Monica Boggs, current MD/MPP candidate in the David Geffen School of Medicine at UCLA, knows the benefits of taking a break between undergrad and medical school all too well. But when she walked across the stage to accept her diploma, medicine was not on her mind — teaching was. With a political science and economics degree from UC Berkeley and her sights set on a master's in education, she joined Teach for America, a two-year program that recruits recent graduates to become educators in low-income communities.
Teaching would take Boggs to South Central, Los Angeles, where she would experience firsthand how her students were affected by the medical issues she'd later study. "It was eye-opening," she remembers. "Many of my students didn't have access to medical care, and it was affecting their ability to succeed in the classroom."
Boggs wanted to have a greater impact on her students' lives, so she began volunteering at a clinic for homeless and low-income families. "That was when I realized I wanted to go to medical school." Now, between her third and fourth year of her concurrent degree program, she reflects back and shares four good reasons for taking a break between undergrad and medical school.
Gain life experience
"In my third year, a lot of the attending physicians commented on my maturity — the way I dealt with patients and the connections I made with families," she says. Students are naturally the lowest on the totem pole, but because of her age and unique experience Boggs
felt like an equal right away.
"I also didn't internalize things the way we often do when we are new to the working world," she adds. "My experience gave me the gift of letting little things go."
Know how to balance life and school
Students who begin medical school can both over- and underestimate the shape and size of their schedules, and it can be draining on their ability to adjust.
"Not many people will believe me, but I still feel like teaching is a lot harder than medical school," Boggs admits. "Teaching prepared me for the emotional stress. If I had gone straight from undergrad, I doubt I would be quite as composed as I am. I still work hard, but I know how to balance life and school, which can often be really challenging."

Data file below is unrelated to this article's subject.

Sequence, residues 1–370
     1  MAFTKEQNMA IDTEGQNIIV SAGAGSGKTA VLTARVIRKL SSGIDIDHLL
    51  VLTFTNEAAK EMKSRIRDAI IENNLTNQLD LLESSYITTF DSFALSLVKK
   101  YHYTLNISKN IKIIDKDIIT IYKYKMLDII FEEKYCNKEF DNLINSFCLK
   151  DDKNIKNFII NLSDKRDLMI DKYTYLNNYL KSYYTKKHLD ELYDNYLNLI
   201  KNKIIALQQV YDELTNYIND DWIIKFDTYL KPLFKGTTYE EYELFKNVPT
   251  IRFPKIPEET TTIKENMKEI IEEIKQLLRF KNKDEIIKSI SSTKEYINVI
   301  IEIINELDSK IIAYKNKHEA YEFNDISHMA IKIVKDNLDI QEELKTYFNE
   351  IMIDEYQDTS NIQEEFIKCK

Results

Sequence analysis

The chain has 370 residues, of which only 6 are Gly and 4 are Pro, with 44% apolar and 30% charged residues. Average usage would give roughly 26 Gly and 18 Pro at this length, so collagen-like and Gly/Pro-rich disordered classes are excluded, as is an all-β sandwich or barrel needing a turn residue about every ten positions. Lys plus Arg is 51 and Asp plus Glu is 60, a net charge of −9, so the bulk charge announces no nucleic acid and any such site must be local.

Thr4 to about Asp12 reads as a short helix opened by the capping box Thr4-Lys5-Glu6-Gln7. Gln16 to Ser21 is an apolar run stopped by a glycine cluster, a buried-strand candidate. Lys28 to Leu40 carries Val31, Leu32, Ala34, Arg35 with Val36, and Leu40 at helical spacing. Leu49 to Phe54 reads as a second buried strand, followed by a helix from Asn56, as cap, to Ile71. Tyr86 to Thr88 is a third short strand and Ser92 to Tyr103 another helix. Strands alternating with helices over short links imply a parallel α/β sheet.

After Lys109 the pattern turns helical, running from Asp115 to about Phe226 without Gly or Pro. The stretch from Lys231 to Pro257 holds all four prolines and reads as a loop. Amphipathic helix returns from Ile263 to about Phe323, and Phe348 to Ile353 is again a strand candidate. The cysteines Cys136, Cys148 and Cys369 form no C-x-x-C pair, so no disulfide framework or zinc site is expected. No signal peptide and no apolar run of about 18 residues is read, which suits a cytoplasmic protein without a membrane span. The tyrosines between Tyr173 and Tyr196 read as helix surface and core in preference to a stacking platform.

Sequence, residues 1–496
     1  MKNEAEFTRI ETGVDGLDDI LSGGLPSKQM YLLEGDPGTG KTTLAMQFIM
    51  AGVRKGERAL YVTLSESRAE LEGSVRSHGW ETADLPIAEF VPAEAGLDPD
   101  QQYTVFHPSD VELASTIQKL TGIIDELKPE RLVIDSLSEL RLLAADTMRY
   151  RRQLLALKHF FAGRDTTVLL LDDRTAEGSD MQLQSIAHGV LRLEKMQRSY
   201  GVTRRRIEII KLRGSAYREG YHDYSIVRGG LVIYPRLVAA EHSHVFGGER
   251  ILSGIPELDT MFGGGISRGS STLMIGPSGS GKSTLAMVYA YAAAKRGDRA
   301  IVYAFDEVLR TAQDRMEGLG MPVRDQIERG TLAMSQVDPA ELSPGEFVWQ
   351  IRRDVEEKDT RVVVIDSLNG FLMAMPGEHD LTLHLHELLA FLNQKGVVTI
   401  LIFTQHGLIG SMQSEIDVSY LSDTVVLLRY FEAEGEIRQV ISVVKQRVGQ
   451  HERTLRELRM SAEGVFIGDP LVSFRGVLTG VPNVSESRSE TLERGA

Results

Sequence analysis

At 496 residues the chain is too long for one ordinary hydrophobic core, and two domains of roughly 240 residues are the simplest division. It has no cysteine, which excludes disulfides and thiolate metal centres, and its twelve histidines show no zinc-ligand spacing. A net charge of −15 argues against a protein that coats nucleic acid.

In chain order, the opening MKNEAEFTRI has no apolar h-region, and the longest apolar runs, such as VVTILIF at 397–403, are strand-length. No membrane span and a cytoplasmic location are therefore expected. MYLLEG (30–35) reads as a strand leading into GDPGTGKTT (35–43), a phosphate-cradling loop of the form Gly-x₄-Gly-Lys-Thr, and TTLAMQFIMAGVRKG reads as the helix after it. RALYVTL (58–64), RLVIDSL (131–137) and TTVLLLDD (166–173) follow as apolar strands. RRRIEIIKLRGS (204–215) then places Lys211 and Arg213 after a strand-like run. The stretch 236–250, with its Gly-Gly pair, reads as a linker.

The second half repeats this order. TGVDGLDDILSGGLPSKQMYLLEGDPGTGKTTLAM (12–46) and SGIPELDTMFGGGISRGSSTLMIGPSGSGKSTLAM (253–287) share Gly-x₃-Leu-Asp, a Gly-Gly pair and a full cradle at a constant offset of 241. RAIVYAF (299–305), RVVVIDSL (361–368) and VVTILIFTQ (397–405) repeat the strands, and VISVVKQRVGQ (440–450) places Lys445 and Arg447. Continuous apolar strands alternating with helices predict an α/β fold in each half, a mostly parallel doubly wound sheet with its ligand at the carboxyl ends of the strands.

Reconnect with family
Family shouldn't diminish in its importance to a medical student, and taking a break prior to starting can be the perfect reminder.
"When I was at Berkeley," Boggs explains, "I didn't see them often because they live in northern Orange County. I cherish the years I had between graduation and medical school, to reconnect with family and spend more time with them. They are my emotional support. It has been so great to have them close by during my time in medical school."
Figure out what makes you happy
"My experiences before medical school informed my future in a unique way," she believes. "It made me so passionate about underserved populations, those who don't have access to healthcare and can't even get to their medical appointments. I chose a medical school that values and fosters leadership, and I have participated in a lot of extracurricular activities that relate to my experiences."
For those considering some time off between undergrad and medical school, take a lesson from this MD candidate: "Do something you enjoy. Choose something mentally engaging that will inform your future. I am so grateful for my experience before medical school. I truly believe it not only made me a better applicant but a better doctor."
By Emily Williams